No matter how we view our upbringing, morality stems from a higher power. Philosophers question rather this higher power comes from God or somewhere else. When reading religious books, they speak about God and the ten commandments which lay down the laws about right and wrong. Therefore, religious people are more conscientious about their actions. Yet we have the naturalist who believes human laws are defined by morality but not from a higher authority figure. They feel rather right or wrong we are better off the ore our actions are fulfilled by our true nature. This begs to differ, when it boils down to religion and natural law are these two the same thing?
Divine command theorist believes what’s moral and what’s not is commanded by the divine. The foundation of the divine is the ten commandments. Which tells us it’s forbidden by God for us to commit things that are wrong or unethical. Plato’s book Euthyphro opened our eyes to how one may view religion compared to the next person. Euthyphro got into a heated conversation with Socrates about the Gods. Euthyphro suggests what is considered holy is agreeable to the Gods. This explains his reasoning for being at the courthouse. He wants to persecute his father for committing murder. He believes he’s acting accordingly since the commandments states thou shall not kill. Euthyphro asked are our actions right because God commands them? Or are our actions right since they are commanded by God because they are right? If we obey any of God’s commands, then we’re acting accordingly.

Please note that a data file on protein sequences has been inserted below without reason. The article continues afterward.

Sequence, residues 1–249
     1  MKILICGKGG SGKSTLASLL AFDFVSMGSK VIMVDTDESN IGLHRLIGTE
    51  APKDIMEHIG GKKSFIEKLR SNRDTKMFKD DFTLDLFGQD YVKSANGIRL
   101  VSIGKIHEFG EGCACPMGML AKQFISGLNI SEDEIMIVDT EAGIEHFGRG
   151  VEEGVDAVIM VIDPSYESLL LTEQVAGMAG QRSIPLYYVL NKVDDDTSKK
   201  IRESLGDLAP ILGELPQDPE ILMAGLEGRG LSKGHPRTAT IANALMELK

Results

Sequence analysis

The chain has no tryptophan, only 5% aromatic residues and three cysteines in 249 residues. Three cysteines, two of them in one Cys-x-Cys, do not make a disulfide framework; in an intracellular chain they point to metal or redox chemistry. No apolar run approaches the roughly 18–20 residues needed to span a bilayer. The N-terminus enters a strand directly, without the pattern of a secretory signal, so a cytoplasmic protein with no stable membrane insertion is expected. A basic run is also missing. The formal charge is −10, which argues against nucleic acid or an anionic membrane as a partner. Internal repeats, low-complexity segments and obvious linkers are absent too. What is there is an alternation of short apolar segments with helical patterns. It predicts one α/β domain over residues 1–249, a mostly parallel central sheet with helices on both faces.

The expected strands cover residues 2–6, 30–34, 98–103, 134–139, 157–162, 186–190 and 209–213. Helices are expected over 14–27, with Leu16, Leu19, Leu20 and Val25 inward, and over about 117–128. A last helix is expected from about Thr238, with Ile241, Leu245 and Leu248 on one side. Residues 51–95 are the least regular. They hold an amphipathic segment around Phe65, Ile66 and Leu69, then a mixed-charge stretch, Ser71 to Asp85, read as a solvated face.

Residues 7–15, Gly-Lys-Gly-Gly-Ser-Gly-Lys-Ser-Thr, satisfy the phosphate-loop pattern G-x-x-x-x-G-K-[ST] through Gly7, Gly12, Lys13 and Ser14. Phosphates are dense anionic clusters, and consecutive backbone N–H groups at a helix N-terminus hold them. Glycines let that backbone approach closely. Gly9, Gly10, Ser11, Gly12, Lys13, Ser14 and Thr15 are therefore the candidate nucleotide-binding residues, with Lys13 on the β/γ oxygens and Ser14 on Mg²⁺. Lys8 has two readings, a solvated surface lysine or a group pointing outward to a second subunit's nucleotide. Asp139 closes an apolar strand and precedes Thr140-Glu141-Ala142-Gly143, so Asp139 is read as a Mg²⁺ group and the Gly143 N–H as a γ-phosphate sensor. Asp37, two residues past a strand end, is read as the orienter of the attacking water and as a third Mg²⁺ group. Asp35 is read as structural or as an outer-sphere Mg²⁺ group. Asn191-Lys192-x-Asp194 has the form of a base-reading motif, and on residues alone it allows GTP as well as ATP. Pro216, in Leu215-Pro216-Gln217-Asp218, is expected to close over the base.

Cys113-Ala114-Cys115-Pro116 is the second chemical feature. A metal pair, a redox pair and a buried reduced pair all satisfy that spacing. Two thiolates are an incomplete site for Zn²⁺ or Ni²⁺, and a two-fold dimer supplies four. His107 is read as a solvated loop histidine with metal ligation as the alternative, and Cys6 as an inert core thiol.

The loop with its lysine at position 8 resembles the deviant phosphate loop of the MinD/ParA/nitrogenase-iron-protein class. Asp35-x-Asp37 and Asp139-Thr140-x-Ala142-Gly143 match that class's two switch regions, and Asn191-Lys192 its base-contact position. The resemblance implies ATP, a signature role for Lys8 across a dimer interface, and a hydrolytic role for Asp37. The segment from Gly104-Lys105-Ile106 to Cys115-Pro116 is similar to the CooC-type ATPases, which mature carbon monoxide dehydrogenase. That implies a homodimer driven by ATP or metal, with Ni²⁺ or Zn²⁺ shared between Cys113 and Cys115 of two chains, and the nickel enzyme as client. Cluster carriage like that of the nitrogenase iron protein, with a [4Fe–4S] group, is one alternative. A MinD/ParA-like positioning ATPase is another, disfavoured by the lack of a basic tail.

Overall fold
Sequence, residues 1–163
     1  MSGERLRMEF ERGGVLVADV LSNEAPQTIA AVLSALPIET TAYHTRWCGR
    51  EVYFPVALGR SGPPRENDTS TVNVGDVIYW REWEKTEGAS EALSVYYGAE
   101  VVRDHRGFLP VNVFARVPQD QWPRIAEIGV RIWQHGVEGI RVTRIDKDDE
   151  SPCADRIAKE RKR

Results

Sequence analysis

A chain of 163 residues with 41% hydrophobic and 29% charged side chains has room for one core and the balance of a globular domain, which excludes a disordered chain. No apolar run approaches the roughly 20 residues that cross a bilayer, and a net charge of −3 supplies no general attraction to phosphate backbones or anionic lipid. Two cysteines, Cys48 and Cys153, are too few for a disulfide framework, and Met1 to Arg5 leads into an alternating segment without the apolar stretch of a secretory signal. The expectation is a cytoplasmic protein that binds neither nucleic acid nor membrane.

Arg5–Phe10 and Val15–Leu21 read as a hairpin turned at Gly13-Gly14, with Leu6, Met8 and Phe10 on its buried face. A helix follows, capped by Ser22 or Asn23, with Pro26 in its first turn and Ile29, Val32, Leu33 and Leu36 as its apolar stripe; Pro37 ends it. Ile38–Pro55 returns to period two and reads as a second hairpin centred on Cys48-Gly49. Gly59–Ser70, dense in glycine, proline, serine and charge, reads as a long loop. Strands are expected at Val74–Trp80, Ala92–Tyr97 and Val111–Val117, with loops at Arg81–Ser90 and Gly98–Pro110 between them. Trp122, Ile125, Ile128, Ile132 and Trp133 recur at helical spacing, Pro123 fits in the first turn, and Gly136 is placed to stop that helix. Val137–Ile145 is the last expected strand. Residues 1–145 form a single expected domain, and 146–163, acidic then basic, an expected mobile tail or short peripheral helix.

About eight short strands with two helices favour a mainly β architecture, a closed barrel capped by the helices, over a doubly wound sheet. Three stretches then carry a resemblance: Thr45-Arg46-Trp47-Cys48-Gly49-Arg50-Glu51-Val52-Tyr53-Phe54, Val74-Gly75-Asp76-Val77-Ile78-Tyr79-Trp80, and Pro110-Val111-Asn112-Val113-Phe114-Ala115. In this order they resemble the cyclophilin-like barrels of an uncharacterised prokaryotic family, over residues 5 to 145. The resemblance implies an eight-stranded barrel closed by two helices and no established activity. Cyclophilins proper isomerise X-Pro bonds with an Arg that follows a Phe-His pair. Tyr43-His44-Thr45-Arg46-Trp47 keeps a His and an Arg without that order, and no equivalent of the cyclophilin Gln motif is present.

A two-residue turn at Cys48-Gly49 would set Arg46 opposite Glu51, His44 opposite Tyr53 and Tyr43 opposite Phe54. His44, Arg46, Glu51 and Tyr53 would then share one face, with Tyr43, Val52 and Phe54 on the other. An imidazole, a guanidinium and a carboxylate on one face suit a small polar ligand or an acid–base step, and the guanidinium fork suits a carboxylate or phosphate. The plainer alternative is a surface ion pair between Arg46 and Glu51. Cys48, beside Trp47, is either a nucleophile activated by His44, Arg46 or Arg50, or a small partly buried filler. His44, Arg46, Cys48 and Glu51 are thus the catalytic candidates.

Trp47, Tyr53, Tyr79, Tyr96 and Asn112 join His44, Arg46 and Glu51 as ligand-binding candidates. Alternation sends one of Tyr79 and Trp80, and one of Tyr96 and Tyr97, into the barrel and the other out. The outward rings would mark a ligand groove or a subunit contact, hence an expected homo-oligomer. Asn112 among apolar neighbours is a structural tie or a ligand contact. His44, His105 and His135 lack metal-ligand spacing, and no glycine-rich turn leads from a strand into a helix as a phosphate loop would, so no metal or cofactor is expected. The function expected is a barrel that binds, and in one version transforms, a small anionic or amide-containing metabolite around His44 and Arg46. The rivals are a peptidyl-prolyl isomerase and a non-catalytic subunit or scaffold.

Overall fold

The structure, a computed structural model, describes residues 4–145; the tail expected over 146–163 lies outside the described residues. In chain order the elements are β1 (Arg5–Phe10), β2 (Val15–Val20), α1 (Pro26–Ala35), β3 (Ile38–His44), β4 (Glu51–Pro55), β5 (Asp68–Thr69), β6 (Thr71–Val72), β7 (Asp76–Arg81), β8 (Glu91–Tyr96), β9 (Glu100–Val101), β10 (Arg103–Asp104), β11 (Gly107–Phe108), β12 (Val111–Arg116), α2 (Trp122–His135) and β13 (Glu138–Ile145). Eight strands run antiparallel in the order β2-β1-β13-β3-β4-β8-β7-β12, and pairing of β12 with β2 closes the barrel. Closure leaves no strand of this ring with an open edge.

He suggests when we give sacrifice to the Gods then our prayers become answered. Yet thesis believes something outside of God is bounding us to him and his command. Socrates suggests if holiness is gratifying to the Gods, then we are still saying holiness is what’s approved by the Gods. This asked the question are there things God can’t command? If God is bounded by standards outside of himself then God’s goodness doesn’t mean anything. When learning about Aquinas’s Natural Law theory, he doesn’t discard the fact we were all created by God. In fact, the world was created in his eyes, which God made sure humans were preloaded with all that’s good. “At its most basic, natural law theory tells us that actions are right just because they are natural, and wrong just because they are unnatural. And people are good or bad to the extent that they fulfill their true nature- the more they fulfill their true nature, the better they are.” (The Fundamentals of Ethics, Shafer-Landau, Oxford Universities Press, p.77). Therefore, God gave us the desires that’s best for us. This cause Aquinas to question how some humans can function a certain way in life, if they’ve never picked up any religious books and read them. Aquinas’s believes we seek God in our lives rather if we were exposed to him or not. This caused him to bring science into the natural law theory. Humans were created with seven basic instincts, also known as the basic principles. They’re made up of life, reproduction, educate one’s offspring, seek God, live in society, avoid offense, and shun ignorance. Religion doesn’t teach us about the basic principles, instead our instincts kicks in allowing us to derive from the natural law.